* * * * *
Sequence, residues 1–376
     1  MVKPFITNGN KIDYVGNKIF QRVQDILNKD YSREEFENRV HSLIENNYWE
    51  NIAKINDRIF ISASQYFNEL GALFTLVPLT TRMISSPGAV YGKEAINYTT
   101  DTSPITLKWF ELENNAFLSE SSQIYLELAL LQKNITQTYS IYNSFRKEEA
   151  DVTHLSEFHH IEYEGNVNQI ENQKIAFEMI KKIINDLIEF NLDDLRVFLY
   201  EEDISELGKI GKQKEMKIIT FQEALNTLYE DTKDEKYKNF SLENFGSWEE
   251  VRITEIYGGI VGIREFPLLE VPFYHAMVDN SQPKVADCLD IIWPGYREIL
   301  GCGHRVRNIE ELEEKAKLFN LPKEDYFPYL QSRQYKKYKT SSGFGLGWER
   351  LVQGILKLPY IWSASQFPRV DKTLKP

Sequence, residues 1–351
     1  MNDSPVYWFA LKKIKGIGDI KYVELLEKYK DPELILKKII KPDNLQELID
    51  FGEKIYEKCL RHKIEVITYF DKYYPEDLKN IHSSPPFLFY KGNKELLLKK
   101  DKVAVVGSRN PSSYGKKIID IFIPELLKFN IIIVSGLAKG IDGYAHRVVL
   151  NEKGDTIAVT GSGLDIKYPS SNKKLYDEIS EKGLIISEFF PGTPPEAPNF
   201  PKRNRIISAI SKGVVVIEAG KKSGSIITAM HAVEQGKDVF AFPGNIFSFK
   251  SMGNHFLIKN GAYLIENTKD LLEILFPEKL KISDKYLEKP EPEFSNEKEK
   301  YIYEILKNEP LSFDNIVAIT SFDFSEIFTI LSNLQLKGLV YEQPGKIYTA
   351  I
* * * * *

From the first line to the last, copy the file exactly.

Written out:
Sequence, residues 1–376
     1  MVKPFITNGN KIDYVGNKIF QRVQDILNKD YSREEFENRV HSLIENNYWE
    51  NIAKINDRIF ISASQYFNEL GALFTLVPLT TRMISSPGAV YGKEAINYTT
   101  DTSPITLKWF ELENNAFLSE SSQIYLELAL LQKNITQTYS IYNSFRKEEA
   151  DVTHLSEFHH IEYEGNVNQI ENQKIAFEMI KKIINDLIEF NLDDLRVFLY
   201  EEDISELGKI GKQKEMKIIT FQEALNTLYE DTKDEKYKNF SLENFGSWEE
   251  VRITEIYGGI VGIREFPLLE VPFYHAMVDN SQPKVADCLD IIWPGYREIL
   301  GCGHRVRNIE ELEEKAKLFN LPKEDYFPYL QSRQYKKYKT SSGFGLGWER
   351  LVQGILKLPY IWSASQFPRV DKTLKP

Sequence, residues 1–351
     1  MNDSPVYWFA LKKIKGIGDI KYVELLEKYK DPELILKKII KPDNLQELID
    51  FGEKIYEKCL RHKIEVITYF DKYYPEDLKN IHSSPPFLFY KGNKELLLKK
   101  DKVAVVGSRN PSSYGKKIID IFIPELLKFN IIIVSGLAKG IDGYAHRVVL
   151  NEKGDTIAVT GSGLDIKYPS SNKKLYDEIS EKGLIISEFF PGTPPEAPNF
   201  PKRNRIISAI SKGVVVIEAG KKSGSIITAM HAVEQGKDVF AFPGNIFSFK
   251  SMGNHFLIKN GAYLIENTKD LLEILFPEKL KISDKYLEKP EPEFSNEKEK
   301  YIYEILKNEP LSFDNIVAIT SFDFSEIFTI LSNLQLKGLV YEQPGKIYTA
   351  I